The rotary pickup condenser mechanism may assume the form shown in Figs. 2a, 2b, and 2c. ln these gures there is disclosed a base 200 having vertical supports 202 and 203 secured thereto, two of the latter forming bearings for a shaft 204. Rigidly secured to the supports 202 by bolts 2|0 are a pair or discs 206, 201 which are of insulating material, such as Bakelite, and which are heldv in spaced relation by separators 208 of conducting material. A plurality of pairs of sector shaped plates 2l2 are secured to the insulating discs 206 and 207 by the bolts 2|0, being electrically connected through the separators 208. These sector plates 2li may have their inner ends bent over and tting in notches formed around the central opening in the discs 206 and as indicated at 2 i4 in Fig. 2b.

A rotor 2i@ is rigidly secured to the shaft 204, for example by being clamped thereto by nuts 2&8. The rotor dit carries a pair of similar sector shaped plates 220, which together constitute the pickup condenser plate l49 of Fig. 2, and which are suitably secured on opposite sides of the rotor in superposed relation. These plates 220 are electrically connected to an insulated conductor 222 which projects through a Bakelite grommet 226 into a counterbore 224 formed in the end of the shaft. The other end or" the conductor 222 .is soldered to a conducting tube 228 which. projects from the end of the shaft 204, being suitably insulated therefrom by a press-fit sleeve 230. A plurality of wire brushes 232 are secured to a plate 234 mounted on an insulating bracket 23S carried by one of the vertical supports 203. The conductor |50 (Fig. 2) is electrically connected to the plate 234 which is mounted on the insulatingsupport 236. t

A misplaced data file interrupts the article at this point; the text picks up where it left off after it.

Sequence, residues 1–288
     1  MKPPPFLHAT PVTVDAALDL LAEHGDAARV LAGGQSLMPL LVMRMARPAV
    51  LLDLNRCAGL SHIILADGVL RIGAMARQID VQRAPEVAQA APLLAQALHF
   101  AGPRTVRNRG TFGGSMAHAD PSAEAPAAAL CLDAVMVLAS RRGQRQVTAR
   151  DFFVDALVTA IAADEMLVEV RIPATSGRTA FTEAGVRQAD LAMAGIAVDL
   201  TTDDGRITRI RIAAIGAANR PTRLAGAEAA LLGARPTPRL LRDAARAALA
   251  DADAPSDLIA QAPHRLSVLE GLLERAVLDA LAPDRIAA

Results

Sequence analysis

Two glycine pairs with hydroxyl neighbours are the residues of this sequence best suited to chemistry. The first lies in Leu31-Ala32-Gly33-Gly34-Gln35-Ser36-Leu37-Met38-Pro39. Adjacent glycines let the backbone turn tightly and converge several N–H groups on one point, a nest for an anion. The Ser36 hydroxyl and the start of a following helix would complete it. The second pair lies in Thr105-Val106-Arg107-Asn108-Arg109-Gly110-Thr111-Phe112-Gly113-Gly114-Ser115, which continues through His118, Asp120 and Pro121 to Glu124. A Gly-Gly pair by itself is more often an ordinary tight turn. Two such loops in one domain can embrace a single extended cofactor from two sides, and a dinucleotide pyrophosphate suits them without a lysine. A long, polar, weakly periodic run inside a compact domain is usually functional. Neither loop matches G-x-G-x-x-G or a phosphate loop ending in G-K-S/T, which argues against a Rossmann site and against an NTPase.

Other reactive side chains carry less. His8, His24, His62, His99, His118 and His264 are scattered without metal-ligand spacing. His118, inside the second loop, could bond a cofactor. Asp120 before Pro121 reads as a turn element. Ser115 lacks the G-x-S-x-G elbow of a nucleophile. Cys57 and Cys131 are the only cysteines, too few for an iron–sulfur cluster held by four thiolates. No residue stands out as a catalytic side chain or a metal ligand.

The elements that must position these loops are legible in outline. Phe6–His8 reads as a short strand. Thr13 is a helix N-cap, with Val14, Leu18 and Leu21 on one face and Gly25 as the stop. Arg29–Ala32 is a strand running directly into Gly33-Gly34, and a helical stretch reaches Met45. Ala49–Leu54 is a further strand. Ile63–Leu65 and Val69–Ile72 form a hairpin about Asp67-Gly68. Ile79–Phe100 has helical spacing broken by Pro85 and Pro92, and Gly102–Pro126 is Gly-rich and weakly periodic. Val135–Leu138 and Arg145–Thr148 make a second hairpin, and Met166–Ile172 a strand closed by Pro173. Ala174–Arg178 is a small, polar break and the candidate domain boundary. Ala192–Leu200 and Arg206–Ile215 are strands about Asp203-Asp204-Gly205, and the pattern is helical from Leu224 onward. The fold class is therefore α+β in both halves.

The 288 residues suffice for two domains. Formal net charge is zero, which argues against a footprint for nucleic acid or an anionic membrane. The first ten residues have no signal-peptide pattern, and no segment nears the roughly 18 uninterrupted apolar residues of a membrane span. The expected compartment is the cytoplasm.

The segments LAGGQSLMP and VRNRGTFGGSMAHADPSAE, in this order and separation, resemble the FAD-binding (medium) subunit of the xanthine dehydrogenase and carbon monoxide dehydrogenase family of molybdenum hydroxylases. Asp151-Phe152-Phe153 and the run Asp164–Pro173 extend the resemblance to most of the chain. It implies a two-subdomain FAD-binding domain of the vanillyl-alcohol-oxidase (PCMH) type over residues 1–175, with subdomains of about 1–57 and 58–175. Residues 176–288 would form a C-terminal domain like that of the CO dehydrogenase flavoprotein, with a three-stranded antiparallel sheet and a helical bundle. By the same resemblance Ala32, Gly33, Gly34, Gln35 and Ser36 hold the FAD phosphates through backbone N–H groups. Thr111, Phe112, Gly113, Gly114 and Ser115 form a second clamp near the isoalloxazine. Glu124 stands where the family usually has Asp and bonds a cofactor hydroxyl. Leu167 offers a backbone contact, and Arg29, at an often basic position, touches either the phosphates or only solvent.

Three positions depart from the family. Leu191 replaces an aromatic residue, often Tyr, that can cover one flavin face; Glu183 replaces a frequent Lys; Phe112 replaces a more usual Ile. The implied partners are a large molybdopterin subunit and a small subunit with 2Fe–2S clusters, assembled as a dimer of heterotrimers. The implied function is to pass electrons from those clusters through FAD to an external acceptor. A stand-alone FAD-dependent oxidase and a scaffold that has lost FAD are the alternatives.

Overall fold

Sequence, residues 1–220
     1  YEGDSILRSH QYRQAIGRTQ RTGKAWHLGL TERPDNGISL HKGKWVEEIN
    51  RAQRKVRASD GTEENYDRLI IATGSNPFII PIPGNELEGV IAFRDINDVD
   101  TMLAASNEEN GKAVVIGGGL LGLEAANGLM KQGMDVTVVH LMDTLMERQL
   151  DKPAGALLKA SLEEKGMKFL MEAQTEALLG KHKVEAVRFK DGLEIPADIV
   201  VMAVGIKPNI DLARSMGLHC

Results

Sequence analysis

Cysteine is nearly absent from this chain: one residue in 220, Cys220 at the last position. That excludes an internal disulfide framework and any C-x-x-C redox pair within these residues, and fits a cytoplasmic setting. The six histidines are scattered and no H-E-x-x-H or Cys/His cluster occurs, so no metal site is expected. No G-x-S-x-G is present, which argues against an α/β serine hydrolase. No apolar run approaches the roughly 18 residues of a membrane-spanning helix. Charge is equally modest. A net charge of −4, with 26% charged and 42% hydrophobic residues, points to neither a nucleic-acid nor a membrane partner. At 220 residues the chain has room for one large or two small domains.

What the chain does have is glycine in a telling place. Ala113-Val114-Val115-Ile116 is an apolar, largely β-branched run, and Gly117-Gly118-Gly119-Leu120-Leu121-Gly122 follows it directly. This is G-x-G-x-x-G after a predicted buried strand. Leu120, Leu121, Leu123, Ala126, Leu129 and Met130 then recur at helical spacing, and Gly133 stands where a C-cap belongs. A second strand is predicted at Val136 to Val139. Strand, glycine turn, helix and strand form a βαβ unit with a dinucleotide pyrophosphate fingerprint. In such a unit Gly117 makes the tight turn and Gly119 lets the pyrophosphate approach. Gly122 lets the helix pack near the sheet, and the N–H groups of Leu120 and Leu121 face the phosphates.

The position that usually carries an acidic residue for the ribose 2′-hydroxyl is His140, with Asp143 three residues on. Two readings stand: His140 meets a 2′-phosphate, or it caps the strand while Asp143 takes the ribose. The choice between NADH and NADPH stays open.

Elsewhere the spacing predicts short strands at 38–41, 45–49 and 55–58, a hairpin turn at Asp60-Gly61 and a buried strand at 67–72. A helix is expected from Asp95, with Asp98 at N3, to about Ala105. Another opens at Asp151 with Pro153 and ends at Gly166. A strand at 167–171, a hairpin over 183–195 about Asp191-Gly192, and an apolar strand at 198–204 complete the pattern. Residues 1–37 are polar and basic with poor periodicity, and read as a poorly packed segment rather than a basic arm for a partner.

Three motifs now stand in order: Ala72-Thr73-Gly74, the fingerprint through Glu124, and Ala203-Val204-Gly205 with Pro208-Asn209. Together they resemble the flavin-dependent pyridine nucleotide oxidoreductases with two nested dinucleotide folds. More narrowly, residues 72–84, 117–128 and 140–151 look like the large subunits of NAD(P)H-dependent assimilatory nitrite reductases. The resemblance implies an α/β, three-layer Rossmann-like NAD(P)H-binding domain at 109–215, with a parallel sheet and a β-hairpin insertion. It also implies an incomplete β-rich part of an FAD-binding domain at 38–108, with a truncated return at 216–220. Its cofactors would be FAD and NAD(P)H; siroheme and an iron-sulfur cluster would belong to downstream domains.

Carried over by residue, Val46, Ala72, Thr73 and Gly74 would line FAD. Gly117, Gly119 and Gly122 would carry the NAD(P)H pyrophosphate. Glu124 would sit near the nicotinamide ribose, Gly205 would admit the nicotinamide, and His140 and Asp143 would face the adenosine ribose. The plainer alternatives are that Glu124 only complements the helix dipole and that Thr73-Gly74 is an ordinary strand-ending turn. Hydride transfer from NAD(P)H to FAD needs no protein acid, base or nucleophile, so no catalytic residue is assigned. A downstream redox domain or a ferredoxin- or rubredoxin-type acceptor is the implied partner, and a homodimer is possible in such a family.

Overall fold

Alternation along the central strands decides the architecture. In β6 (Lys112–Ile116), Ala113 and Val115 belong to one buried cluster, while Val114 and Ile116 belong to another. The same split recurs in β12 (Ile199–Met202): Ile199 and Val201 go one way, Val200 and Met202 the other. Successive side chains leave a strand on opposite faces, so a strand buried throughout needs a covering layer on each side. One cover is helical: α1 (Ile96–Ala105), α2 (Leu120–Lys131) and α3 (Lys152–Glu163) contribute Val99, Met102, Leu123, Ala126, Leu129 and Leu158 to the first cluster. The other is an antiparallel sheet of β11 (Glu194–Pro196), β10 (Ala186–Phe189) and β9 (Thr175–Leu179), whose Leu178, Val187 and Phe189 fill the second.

A pulley 238 is secured to the shaft 204 and 1s driven by a belt 239 from a. suitable motor wluch rotates the shaft 204 at a vibrato speed, in the order of 6 12p. s.